9. Sign language- I know some but I need to learn more. When we are in a situation and I can’t hear my kids I would love to be able to use more sign. Today in church I used sign to my son and we understood each other. I hope another class will be offered soon in my area.
  10. Pimping and blinging my hearing aids have become an obsession. Heck if I can go and see all these fun glasses at the eye doctor why do hearing aids have to be beige or dark brown in my case. I can decorate them and maybe no one will see them but I know they are there and sassy.

So here is my list of 10 things I have learned this past year. I wonder what my list will look like in another year.

To Hear What Your Child Hears

This weekend was one of growth, acceptance, and most of all fun.  Saturday morning our family woke up early and drove an hour and a half to a family event put on by Minnesota Hands and Voices www.mnhandsandvoices.org  This was a first for our family, frankly I was nervous as could be.  I didn’t think we would fit in.  Henry has a mild hearing loss and we were invited to this event.  I just thought it would be to mild of a loss and we really didn’t belong but there was a tug at our hearts to go.  Chad and I were in agreement that we should go to this event as a family.  The kids on the other hand were soo excited to get to the YMCA where this event was going to take place.  Running around and going swimming is an OK day to most kids.

This day was eye opening to me.  I had to wait over a day to write this post just to let it all sink in and settle.  There were about 6 families there and the kids were all great and became instant friends.  The hearing loss levels ranged from mild to profound.  I guess we did belong.  There was such a feeling of acceptance, I have trouble getting the feeling into words.  Everyone there understood hearing loss.  They understood that the fan kicking in is going to prevent you from getting the information presented.  They all understood that you need to face each other to get the full meaning of the conversation.  It was just a feeling that there were no differences, there was such ease of conversation all day long.  I wasn’t the only parent to a child there that had hearing aids.  There was just a sigh of relief if that makes sense.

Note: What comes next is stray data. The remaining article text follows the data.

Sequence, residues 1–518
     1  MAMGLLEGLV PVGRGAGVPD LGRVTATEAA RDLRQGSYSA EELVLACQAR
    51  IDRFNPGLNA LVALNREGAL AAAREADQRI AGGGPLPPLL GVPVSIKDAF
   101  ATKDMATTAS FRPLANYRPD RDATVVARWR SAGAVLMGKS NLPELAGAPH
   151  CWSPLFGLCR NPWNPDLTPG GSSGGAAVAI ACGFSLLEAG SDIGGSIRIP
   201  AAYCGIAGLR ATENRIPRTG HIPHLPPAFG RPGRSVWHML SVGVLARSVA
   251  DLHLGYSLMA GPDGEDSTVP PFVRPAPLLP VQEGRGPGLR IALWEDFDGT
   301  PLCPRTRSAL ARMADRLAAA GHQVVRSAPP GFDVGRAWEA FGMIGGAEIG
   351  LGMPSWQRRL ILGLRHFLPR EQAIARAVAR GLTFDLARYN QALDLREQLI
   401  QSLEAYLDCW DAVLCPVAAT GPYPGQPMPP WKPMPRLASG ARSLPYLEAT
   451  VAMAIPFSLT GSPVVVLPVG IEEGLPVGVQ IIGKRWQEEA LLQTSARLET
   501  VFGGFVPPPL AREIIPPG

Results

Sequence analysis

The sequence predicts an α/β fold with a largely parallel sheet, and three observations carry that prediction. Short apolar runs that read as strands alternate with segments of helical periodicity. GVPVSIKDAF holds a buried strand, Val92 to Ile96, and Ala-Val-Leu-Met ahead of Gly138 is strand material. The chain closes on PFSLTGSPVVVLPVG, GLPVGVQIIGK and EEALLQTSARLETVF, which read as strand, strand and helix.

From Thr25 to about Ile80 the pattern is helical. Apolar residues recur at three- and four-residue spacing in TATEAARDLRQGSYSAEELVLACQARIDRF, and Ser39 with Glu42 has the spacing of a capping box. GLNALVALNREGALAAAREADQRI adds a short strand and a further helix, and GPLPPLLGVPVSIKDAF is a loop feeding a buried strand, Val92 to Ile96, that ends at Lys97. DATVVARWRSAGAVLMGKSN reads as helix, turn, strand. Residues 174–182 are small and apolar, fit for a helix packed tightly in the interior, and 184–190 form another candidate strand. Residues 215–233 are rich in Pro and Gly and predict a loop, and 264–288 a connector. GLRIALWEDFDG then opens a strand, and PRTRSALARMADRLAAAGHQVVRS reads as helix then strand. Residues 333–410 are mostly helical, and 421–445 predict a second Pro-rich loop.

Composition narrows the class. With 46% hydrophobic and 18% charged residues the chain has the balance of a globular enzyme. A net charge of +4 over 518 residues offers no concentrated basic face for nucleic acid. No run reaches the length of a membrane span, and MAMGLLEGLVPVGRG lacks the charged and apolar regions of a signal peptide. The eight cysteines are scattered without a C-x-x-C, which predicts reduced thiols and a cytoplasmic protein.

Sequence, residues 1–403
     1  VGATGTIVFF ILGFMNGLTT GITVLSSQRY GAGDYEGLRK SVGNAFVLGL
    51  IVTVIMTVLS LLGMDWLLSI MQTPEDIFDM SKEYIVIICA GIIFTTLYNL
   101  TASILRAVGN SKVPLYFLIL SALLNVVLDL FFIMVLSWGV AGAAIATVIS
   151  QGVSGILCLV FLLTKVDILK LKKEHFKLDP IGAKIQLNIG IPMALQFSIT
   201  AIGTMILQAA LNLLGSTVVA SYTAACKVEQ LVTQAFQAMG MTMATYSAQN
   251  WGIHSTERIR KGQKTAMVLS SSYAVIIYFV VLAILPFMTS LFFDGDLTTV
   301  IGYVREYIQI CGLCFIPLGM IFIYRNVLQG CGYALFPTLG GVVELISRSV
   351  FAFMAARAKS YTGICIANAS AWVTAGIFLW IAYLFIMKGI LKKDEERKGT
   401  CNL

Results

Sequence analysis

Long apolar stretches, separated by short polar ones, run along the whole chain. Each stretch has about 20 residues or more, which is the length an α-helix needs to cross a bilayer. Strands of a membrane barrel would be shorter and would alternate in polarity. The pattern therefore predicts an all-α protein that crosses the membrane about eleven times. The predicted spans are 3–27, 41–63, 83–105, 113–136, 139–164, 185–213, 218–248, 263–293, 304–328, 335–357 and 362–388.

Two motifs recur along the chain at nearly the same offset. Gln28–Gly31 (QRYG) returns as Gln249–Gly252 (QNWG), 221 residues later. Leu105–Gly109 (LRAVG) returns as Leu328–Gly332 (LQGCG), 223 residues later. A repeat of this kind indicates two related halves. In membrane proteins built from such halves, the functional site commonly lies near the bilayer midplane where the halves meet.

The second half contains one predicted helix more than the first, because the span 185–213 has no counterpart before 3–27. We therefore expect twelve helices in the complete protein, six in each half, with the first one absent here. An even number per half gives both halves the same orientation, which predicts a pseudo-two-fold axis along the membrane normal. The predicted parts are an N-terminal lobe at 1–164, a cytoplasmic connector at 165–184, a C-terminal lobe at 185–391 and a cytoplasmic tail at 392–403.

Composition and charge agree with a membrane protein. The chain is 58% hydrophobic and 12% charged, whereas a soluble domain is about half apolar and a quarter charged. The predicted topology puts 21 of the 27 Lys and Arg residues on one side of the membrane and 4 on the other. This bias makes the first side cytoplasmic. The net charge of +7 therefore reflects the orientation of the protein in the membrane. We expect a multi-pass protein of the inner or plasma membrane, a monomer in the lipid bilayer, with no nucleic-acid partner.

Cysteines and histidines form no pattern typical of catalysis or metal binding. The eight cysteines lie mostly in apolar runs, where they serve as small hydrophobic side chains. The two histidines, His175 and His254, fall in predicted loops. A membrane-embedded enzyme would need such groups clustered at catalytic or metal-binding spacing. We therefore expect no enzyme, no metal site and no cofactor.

We had a session on educational IEP’s which was very interesting.  That always seems to be a sticky subject of what to put in the IEP and what should be in there and what the school wants to put in there is not always on the same page.  We got a lot of good information and eager to pass it on to friends.  The session that made the most impact on all of us was our second session, hearing simulations.  There is no perfect simulation that will show exactly how someone hears but what is out there is still powerful.  Each child present had their audiograms put into the program and we listened to a voice, like a teachers voice.  Now add some classroom noise and listen to normal hearing and then how your child hears, Powerful.  I know how I hear but hearing how your child hears still hits you.  Sitting at a mild loss doesn’t mean it is a mild difference.  You had to strain to hear the teachers voice and not just sit and passively listen you have to concentrate and concentrate hard.  No wonder this poor kid comes home and meltdowns.  He has to work so hard to just get through the day.  I looked over at my husband who I don’t think really understood what it is like.  He had his head down and I saw a tear in his eye.  It was a powerful model that I wish teachers, family and peers could hear.

hearing simulation

The kids had a wonderful day!! They played BINGO, basketball, minute to win it games.  The kids even made the decision to all eat lunch together, really nice to see.  We ended the day with some of them going swimming together.  Just a great day with new friends and new insights.  My daughter even wants to learn ASL now to try and converse with a couple of the kids that use sign on her own next time instead of the interpreter doing it all for her.

greta in the pool

To hear what your child hears is a powerful moment and one I won’t forget.